Rust, D M

1992-01-01

23

BATSE Solar Flare Spectroscopy  

NASA Technical Reports Server (NTRS)

This final report describes the progress originally proposed: (1) the continued improvement of a software and database environment capable of supporting all users of BATSE solar data as well as providing scientific expertise and effort to the BATSE solar community; (2) the continued participation with the PI team and other guest investigators in the detailed analysis of the BATSE detectors' response at low energies; (3) using spectroscopic techniques to fully exploit the potential of electron time-of-flight studies; and, (4) a full search for flare gamma-ray line emission at 2.2 MeV from all GOES X-class flares observed with BATSE.

Schwartz, R. A.

1998-01-01

24

Electron beams in solar flares  

NASA Technical Reports Server (NTRS)

A list of publications resulting from this program includes 'The Timing of Electron Beam Signatures in Hard X-Ray and Radio: Solar Flare Observations by BATSE/Compton Gamma-Ray Observatory and PHOENIX'; 'Coherent-Phase or Random-Phase Acceleration of Electron Beams in Solar Flares'; 'Particle Acceleration in Flares'; 'Chromospheric Evaporation and Decimetric Radio Emission in Solar Flares'; 'Sequences of Correlated Hard X-Ray and Type 3 Bursts During Solar Flares'; and 'Solar Electron Beams Detected in Hard X-Rays and Radiowaves.' Abstracts and reprints of each are attached to this report.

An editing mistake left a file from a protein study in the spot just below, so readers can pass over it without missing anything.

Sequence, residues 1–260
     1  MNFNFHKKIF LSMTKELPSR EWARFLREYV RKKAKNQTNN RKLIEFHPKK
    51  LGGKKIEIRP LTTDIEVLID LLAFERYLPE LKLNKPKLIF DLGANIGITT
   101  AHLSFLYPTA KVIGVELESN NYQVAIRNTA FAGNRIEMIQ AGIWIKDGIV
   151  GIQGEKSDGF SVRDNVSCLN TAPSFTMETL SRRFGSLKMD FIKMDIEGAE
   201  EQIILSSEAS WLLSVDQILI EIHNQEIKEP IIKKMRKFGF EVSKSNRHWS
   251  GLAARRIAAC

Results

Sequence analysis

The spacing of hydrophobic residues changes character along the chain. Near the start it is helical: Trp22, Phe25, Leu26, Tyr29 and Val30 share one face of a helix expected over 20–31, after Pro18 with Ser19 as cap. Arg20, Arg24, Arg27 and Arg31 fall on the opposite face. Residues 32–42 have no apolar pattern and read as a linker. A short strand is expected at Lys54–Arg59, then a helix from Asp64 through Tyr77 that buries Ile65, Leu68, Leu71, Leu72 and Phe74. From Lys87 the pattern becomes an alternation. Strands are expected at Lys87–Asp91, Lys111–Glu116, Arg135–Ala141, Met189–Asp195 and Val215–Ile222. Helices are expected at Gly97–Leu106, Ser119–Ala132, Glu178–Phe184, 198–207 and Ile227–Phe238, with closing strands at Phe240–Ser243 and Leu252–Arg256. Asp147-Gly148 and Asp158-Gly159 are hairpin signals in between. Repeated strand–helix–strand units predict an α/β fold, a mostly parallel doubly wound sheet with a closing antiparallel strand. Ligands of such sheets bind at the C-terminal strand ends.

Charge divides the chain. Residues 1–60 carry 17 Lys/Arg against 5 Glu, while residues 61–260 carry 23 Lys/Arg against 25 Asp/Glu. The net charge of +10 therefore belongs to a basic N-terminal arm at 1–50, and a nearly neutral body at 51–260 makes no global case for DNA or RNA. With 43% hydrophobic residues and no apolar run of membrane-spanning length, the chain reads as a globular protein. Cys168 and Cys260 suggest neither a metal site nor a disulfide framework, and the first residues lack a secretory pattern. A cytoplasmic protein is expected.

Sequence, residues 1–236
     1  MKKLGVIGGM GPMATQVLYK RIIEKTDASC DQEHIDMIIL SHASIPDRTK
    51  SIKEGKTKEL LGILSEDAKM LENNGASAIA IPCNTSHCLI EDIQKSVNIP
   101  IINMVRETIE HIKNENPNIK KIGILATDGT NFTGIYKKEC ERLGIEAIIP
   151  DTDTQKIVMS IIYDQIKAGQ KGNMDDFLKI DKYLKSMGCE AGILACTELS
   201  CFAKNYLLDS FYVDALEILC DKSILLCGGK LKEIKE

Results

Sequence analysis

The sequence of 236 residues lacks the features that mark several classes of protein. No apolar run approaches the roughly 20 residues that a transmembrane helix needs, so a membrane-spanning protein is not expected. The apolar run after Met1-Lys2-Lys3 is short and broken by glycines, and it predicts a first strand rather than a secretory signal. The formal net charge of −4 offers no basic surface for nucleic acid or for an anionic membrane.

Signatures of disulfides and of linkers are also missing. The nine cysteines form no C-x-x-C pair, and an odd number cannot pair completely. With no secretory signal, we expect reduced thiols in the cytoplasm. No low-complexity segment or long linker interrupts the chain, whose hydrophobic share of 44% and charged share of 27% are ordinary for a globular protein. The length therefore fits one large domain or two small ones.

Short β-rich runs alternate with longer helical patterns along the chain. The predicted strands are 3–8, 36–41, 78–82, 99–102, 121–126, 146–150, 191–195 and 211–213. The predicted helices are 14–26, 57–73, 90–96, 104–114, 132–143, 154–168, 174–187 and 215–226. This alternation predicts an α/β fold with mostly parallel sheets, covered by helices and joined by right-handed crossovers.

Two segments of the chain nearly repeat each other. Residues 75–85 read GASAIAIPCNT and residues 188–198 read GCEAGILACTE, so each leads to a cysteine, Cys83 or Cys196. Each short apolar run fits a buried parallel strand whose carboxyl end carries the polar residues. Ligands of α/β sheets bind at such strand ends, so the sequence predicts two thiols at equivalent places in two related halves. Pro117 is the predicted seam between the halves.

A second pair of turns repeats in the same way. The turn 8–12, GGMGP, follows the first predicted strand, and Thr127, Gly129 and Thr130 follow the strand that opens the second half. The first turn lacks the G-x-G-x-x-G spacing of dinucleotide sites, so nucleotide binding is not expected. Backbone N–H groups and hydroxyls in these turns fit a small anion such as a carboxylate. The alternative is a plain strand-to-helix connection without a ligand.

Aschwanden, Markus J.; Dennis, Brian R.; Benz, Arnold O.

1994-01-01

25

Solar Flare Physics  

NASA Technical Reports Server (NTRS)

During the past year we have been working with the HESSI (High Energy Solar Spectroscopic Imager) team in preparation for launch in early 2001. HESSI has as its primary scientific goal photometric imaging and spectroscopy of solar flares in hard X-rays and gamma-rays with an approx. 2 sec angular resolution, approx. keV energy resolution and approx. 2 s time resolution over the 6 keV to 15 MeV energy range. We have performed tests of the imager using a specially designed experiment which exploits the second-harmonic response of HESSI's sub-collimators to an artificial X-ray source at a distance of 1550 cm from its front grids. Figures show the response to X-rays at energies in the range where HESSI is expected to image solar flares. To prepare the team and the solar user community for imaging flares with HESSI, we have written a description of the major imaging concepts. This paper will be submitted for publication in a referred journal.